Near a black hole, differential rotation of a magnetized accretion disk is thought to produce an instability that amplifies weak magnetic fields, driving accretion and outflow. These magnetic fields would naturally give rise to the observed synchrotron emission in galaxy cores and to the formation of relativistic jets, but no observations to date have been able to resolve the expected horizon-scale magnetic-field structure. We report interferometric observations at 1.3-millimeter wavelength that spatially resolve the linearly polarized emission from the Galactic Center supermassive black hole, Sagittarius A*. We have found evidence for partially ordered magnetic fields near the event horizon, on scales of ~6 Schwarzschild radii, and we have detected and localized the intrahour variability associated with these fields.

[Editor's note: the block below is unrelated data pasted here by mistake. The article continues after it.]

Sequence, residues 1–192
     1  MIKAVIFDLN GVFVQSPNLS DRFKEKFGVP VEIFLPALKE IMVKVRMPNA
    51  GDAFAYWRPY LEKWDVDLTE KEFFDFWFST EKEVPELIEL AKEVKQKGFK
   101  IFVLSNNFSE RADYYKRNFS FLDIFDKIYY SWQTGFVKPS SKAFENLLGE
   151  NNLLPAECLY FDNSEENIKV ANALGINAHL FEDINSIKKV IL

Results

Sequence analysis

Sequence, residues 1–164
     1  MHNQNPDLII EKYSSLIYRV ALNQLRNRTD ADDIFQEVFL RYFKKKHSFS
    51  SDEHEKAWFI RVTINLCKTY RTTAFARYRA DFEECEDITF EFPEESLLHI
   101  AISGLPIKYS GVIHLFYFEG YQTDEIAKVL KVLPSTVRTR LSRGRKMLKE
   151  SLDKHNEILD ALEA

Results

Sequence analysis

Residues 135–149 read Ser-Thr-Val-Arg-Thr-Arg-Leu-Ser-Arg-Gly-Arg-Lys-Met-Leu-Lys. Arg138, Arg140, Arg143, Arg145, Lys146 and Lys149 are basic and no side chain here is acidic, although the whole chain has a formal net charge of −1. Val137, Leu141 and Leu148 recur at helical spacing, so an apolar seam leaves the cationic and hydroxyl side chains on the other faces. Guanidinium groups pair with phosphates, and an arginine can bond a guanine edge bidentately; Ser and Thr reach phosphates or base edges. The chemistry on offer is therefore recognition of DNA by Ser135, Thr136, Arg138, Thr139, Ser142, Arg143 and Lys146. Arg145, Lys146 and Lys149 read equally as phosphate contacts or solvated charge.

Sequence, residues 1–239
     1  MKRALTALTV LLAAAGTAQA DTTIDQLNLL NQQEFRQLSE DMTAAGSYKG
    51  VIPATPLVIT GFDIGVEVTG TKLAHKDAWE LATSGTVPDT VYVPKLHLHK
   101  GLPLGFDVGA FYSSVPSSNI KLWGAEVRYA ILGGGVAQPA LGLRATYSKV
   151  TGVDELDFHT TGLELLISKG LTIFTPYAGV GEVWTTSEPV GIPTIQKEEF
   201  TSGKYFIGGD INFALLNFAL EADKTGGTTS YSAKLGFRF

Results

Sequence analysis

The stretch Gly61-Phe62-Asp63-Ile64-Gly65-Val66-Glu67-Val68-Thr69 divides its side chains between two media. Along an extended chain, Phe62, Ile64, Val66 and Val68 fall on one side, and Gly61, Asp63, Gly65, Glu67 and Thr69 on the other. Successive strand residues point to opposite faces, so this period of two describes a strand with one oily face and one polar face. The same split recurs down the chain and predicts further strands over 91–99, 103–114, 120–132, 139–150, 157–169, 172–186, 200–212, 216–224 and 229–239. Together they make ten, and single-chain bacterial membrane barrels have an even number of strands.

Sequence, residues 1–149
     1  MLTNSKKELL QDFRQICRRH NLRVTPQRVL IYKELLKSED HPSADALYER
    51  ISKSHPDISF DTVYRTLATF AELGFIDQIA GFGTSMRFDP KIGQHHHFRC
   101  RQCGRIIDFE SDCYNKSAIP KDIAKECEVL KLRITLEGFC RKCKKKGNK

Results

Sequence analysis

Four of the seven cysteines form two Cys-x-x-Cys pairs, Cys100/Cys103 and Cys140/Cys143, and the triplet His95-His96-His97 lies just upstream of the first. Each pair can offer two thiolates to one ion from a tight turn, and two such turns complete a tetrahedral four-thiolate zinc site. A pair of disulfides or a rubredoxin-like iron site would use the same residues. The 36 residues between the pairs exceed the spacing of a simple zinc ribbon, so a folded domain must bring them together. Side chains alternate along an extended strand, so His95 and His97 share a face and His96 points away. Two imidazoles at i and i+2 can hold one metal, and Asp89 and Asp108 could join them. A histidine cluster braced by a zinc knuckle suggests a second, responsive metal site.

- Pub Date:
- December 2015
- Astrophysics - High Energy Astrophysical Phenomena;
- Astrophysics - Astrophysics of Galaxies;
- Astrophysics - Instrumentation and Methods for Astrophysics
- Accepted for publication in Science